I wanted to get a pulse on these current and emerging trends from those working in the industry as gatekeepers, curators and trend spotters and find out what influence online distribution, crowdfunding, and lowered equipment costs have had on U.S. documentary filmmakers. Here's what they had to say:

Eddie Schmidt

Eddie Schmidt, an Oscar-nominated filmmaker, is president of the board of the International Documentary Association. Dedicated to the non-fiction filmmaking community, IDA also provides educational programs to the next generation of documentary filmmakers starting as early as high school age.

Schmidt: A lot of U.S. filmmakers are taking on international topics, and I think this is in contrast to the overall myopia and narcissism of American culture, which tends to take very little substantive interest in anything outside of itself. So documentary filmmakers are motivated to fill these gaps in our understanding, thankfully. This is the new journalism.

Filmmakers in general are flexing their creative muscles to explore the limitless possibilities for telling nonfiction stories on the screen. We're just beginning to understand and recognize the art and craft of documentaries, rather than just their nobility, goodwill, or sociopolitical eye-opening, so I think films are going to get better and more innovative.

I think U.S. documentary filmmakers benefit from the more regular employment of reality television, because its directors of photography, editors, and post people all bounce between the two and bring what they learn in reality to the wider canvas of documentaries (producers and directors too, although their schedules allow for less bleed-through). There's an energy present in a lot of U.S. documentaries that comes from these frequent workouts. If you have to strive to tell stories quickly and smartly in a demanding medium, frequently, you can't help but bring those problem-solving tools and ingenuity to the feature table.

Online distribution has leveled the playing field in terms of delivery systems. These days, no one can tell you your film isn't getting picked up and have that be the end of it. The battle now is for attention and eyeballs. Today, even funding channels have had a boost; 10 years ago, it would have been unthinkable to ask audiences to finance your film over the Internet, but now it's a totally viable way of getting $50,000-$100,000 towards your budget, maybe more.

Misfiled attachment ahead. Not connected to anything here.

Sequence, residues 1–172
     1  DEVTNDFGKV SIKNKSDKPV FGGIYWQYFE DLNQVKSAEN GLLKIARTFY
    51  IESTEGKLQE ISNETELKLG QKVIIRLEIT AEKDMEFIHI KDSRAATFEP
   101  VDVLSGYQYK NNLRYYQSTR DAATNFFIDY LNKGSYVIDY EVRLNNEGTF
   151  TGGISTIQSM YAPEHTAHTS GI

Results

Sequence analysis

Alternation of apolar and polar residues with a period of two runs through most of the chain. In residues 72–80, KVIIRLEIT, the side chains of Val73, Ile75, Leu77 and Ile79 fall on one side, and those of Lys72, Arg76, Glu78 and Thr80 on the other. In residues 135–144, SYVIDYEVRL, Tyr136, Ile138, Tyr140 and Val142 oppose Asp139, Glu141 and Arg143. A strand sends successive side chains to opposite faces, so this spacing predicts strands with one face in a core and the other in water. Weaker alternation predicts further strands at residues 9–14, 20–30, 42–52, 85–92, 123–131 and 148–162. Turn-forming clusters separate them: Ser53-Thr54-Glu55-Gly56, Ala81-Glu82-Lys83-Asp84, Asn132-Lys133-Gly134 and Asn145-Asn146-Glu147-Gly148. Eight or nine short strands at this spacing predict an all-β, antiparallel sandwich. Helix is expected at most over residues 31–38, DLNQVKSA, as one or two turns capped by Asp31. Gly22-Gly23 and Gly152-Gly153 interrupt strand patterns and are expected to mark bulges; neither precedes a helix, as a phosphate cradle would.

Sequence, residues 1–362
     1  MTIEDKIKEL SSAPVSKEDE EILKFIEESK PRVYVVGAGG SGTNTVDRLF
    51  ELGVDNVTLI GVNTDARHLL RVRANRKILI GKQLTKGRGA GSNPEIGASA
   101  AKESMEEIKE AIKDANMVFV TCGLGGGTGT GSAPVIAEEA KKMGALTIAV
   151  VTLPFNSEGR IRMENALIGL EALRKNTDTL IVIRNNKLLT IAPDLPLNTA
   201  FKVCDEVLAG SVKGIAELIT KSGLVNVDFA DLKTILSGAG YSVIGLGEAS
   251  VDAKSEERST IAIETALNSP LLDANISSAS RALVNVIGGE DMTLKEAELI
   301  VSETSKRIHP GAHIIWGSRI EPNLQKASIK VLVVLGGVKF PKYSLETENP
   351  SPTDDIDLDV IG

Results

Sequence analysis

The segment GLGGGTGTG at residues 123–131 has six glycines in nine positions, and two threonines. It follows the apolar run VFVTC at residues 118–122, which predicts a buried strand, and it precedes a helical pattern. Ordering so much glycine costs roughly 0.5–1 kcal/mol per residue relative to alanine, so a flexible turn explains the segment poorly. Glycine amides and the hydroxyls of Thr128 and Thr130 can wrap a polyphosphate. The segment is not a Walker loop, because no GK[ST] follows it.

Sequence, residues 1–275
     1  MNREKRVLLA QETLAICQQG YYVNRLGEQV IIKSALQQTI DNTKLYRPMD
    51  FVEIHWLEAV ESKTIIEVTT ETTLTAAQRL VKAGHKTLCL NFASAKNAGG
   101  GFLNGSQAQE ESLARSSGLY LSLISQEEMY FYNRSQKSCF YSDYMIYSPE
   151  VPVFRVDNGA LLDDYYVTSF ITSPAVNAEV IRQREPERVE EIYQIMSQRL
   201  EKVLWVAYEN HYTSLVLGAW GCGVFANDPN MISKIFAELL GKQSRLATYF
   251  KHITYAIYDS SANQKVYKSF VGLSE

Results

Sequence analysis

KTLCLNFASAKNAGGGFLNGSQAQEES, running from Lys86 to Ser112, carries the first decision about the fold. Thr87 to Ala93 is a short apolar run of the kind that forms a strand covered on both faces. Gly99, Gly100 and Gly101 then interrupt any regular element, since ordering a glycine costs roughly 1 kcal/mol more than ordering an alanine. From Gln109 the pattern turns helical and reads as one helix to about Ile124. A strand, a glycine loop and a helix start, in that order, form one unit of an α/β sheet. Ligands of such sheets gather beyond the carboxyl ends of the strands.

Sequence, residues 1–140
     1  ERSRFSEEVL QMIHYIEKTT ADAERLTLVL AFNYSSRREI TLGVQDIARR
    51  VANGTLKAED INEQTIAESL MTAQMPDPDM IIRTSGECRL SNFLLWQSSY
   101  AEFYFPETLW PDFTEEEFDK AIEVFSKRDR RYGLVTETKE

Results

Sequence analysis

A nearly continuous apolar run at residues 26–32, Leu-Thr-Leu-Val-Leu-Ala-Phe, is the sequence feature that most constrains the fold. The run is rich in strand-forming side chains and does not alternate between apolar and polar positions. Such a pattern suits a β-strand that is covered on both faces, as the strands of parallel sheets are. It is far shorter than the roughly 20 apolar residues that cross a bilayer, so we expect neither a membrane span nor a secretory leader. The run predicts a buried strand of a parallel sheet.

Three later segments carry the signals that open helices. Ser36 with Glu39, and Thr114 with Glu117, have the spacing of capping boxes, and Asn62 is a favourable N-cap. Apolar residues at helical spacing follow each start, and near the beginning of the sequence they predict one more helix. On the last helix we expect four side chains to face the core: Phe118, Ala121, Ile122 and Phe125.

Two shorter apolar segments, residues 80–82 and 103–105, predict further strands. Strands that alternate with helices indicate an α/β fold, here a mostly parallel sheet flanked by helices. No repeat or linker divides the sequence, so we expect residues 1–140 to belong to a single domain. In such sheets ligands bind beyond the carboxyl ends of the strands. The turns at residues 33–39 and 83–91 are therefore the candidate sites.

Lois Vossen

Lois Vossen.jpg

Lois Vossen is the producer and founder of the Emmy award-winning series "Independent Lens" and vice president of ITVS, an organization that funds, presents and promotes documentaries on public television and cable as well as innovative media projects on the web. Previously, she was the associate managing director of the Sundance Institute.

Vossen: We've seen an increase in the number of U.S. filmmakers who want to make films about other countries, perhaps because we have so many independent filmmakers in the U.S. compared to many other countries and there's a lot of duplication of topics here (for example, 25 films on immigration on the U.S. Mexico border vs. one or two films on immigration in Turkey). That said, it is also exciting when U.S. filmmakers do focus on their local communities and find great, new ways to tell stories like Steve James did in Chicago where he lives with "The Interrupters," or Heidi Ewing and Rachel Grady did with "DETROPIA," about Heidi's hometown.

"Independent Lens" has the youngest demographic of any prime-time PBS series and the most robust social media campaigns on PBS. We know that 70 percent of our viewers turn on their television specifically to watch "Independent Lens." They also then migrate to other PBS series at a higher rate than most other PBS series, so we're kind of a gateway drug to PBS. Documentaries certainly entertain, but they're about engaging in real life, not turning away from it. I think audiences see the obvious difference between reality television, which is scripted and actually not "real," and documentaries about real people. Reality television is escape television, and it is designed as entertainment for people who watch it.